Senator Rand Paul, the staunch conservative from Kentucky, recently released ‘The Hidden Tax,’ a much-needed report that a press statement describes as showing “inflation’s effect on American families and small businesses.”
Describing the report and pernicious effects of inflation, Senator Paul said:
“$4.9 trillion in COVID-19 stimulus spending has led to one of the highest and most sustained levels of inflation in U.S. history. While government stimulus spending was intended as a form of relief, and low and middle-income families as well as small business owners were promised that their taxes would not increase, Americans everywhere are now paying a hidden tax called inflation.
“In recent months, prices on nearly everything from gas, food, and clothes to electricity, car prices, and rent, have all increased, and unfortunately it’s only going to get worse. Congress needs to realize that further spending at this time of rapidly rising prices is only going to continue the trend of rising prices on this nation’s already vulnerable businesses and families.”
The report, which can be read here, came to some frightening conclusions about the effects of inflation.
Reporting on the effect inflation could have on low- and middle-class families, for example, the report said that:
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Low and middle-income families spend a larger portion of their income on high-inflation items, such as gasoline, used cars, and food. Families in the lowest income quartile spend nearly 40 percent of their annual income on these three categories. As a means of comparison, families in the top quartile spend only 10 percent of their annual income on these categories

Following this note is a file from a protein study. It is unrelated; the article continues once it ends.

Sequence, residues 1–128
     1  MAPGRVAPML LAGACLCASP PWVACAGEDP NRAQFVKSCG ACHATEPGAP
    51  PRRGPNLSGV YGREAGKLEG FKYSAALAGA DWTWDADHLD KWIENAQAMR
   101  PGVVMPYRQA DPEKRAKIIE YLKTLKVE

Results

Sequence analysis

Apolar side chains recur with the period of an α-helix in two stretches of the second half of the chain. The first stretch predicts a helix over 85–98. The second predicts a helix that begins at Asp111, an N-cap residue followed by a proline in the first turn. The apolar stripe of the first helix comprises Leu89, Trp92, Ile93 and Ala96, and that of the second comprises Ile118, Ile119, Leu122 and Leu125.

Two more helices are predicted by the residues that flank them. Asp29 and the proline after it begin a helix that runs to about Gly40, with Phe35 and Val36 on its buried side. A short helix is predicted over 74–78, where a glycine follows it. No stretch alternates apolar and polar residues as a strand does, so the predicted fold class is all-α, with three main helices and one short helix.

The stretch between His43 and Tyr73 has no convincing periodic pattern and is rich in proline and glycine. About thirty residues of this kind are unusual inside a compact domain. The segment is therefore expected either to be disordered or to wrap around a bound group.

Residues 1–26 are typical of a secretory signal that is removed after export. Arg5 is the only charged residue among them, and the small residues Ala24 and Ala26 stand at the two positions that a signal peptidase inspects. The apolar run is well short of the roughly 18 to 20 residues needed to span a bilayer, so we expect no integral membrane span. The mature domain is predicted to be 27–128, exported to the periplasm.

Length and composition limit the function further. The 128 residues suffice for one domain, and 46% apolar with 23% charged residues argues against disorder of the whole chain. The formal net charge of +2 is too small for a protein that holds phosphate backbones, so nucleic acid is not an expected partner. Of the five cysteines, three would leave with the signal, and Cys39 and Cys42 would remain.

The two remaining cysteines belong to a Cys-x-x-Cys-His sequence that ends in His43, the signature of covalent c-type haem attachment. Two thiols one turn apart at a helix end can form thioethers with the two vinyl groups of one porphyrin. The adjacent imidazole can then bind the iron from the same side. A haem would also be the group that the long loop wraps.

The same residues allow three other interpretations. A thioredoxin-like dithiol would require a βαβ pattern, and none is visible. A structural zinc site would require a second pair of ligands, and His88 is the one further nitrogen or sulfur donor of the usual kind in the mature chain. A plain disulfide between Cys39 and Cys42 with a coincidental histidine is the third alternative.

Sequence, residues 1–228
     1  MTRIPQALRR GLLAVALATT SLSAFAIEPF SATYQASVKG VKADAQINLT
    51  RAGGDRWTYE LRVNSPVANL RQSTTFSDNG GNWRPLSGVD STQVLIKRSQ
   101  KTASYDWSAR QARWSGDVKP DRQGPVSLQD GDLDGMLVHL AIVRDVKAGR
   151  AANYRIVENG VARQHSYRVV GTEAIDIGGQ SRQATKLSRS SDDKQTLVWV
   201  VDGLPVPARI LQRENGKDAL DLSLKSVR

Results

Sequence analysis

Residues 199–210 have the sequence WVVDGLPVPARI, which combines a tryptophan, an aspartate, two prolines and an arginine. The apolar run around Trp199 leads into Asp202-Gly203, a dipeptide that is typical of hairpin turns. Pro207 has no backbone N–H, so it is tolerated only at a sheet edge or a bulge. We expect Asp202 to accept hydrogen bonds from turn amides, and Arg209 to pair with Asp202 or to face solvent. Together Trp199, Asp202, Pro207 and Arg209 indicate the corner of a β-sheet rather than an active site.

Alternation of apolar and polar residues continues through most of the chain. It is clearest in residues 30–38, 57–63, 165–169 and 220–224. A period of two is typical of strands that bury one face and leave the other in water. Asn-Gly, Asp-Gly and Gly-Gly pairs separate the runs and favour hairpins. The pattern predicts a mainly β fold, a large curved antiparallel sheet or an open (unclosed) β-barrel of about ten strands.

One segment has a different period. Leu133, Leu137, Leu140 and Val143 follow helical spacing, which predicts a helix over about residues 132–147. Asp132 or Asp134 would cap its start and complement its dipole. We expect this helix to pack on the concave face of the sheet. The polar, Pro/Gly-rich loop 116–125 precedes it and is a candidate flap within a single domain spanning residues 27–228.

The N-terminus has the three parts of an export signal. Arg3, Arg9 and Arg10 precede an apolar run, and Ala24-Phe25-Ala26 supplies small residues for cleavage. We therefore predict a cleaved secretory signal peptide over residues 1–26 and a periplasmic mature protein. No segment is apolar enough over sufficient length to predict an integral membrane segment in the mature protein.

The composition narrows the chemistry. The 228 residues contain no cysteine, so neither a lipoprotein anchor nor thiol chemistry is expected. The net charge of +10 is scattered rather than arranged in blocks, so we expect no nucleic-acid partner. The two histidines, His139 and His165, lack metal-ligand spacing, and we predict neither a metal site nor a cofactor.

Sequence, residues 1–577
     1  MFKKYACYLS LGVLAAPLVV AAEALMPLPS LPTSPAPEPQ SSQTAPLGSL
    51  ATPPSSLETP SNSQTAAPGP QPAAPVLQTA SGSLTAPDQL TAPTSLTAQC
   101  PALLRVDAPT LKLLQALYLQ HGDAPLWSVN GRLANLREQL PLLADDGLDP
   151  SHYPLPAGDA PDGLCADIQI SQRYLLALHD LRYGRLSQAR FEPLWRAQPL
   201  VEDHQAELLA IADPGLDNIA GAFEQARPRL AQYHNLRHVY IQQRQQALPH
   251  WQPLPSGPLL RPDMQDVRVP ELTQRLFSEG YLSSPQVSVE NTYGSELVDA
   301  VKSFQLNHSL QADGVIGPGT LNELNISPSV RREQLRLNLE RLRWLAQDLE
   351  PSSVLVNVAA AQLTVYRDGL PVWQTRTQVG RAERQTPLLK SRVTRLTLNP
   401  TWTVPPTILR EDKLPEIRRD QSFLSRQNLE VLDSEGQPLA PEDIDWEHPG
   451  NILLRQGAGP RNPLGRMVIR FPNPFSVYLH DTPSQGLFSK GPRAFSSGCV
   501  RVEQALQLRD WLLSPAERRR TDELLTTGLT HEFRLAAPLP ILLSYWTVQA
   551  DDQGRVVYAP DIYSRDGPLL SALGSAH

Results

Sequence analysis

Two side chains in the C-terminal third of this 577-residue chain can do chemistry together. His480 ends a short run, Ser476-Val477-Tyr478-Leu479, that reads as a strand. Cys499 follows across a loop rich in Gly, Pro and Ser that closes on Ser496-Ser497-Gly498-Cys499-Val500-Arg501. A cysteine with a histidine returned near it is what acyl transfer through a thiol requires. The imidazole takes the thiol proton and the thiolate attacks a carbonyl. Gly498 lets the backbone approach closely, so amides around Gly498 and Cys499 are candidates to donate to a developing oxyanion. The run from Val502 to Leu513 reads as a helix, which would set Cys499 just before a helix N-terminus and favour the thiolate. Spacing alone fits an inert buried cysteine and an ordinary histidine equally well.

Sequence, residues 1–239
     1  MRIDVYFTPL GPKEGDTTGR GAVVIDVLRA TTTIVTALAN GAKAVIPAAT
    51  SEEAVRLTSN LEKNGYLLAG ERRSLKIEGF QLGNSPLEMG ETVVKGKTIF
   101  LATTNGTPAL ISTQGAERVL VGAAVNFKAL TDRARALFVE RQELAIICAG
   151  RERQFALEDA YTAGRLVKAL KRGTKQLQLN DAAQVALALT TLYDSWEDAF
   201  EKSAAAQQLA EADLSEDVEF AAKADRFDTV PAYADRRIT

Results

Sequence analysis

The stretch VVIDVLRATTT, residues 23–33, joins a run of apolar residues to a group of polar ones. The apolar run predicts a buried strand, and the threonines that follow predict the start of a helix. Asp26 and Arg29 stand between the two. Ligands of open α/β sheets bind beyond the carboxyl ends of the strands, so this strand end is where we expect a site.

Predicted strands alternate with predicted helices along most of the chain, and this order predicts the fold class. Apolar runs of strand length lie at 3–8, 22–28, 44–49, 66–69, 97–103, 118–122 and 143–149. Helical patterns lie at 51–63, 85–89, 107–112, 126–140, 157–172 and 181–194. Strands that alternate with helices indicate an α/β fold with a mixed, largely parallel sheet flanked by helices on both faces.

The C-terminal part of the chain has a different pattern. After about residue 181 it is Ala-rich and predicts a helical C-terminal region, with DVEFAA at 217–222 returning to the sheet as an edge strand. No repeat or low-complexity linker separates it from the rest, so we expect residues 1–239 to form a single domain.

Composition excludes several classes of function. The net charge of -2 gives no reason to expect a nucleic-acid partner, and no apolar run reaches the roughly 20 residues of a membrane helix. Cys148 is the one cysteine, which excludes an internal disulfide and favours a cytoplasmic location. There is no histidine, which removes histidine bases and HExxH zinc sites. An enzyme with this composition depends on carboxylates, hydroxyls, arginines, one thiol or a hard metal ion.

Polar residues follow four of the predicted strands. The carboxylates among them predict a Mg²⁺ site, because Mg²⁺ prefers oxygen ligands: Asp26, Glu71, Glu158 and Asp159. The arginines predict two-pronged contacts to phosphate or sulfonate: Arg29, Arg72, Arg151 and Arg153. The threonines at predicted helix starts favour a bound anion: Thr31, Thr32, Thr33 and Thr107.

Adding to that after showing how inflation has a far more pernicious effect on small businesses than Big Business, the report said:
This report concludes that, though no formal tax has been levied to pay for the government’s recent spending trends, a hidden, regressive tax has been levied on the American public, charging more from low and middle-income families and small businesses and less from wealthy families and big businesses.
Describing the scale of the current inflation problem, the report notes that:
In addition to the jumps in CPI, the Producer Price Index (PPI) final demand found an increase of 9.7 percent in 2021. While CPI measures the cost for the average consumer for a basket of consumer goods and services, PPI measures the revenues for goods and services made by American producers and sold for: personal consumption, capital investment, government purchases, and exports. A 9.7 percent increase in producer prices represents the largest increase in a calendar
year since the beginning of the measurement in 2010 (see chart 4).
The report goes on; it’s 18 pages and those are only a few short excerpts. But what can be seen, even from those snippets, is that the inflation problem is a massive one that is disproportionally hitting the middle-class and working-class.
Small businesses are struggling, now hit not just by Covid-induced shutdowns but also skyrocketing inflation. Consumers are hit by massively increasing prices in staples, particularly food and fuel.
That’s bad news for America, particularly if Senator Paul is right and the situation is only going to get worse.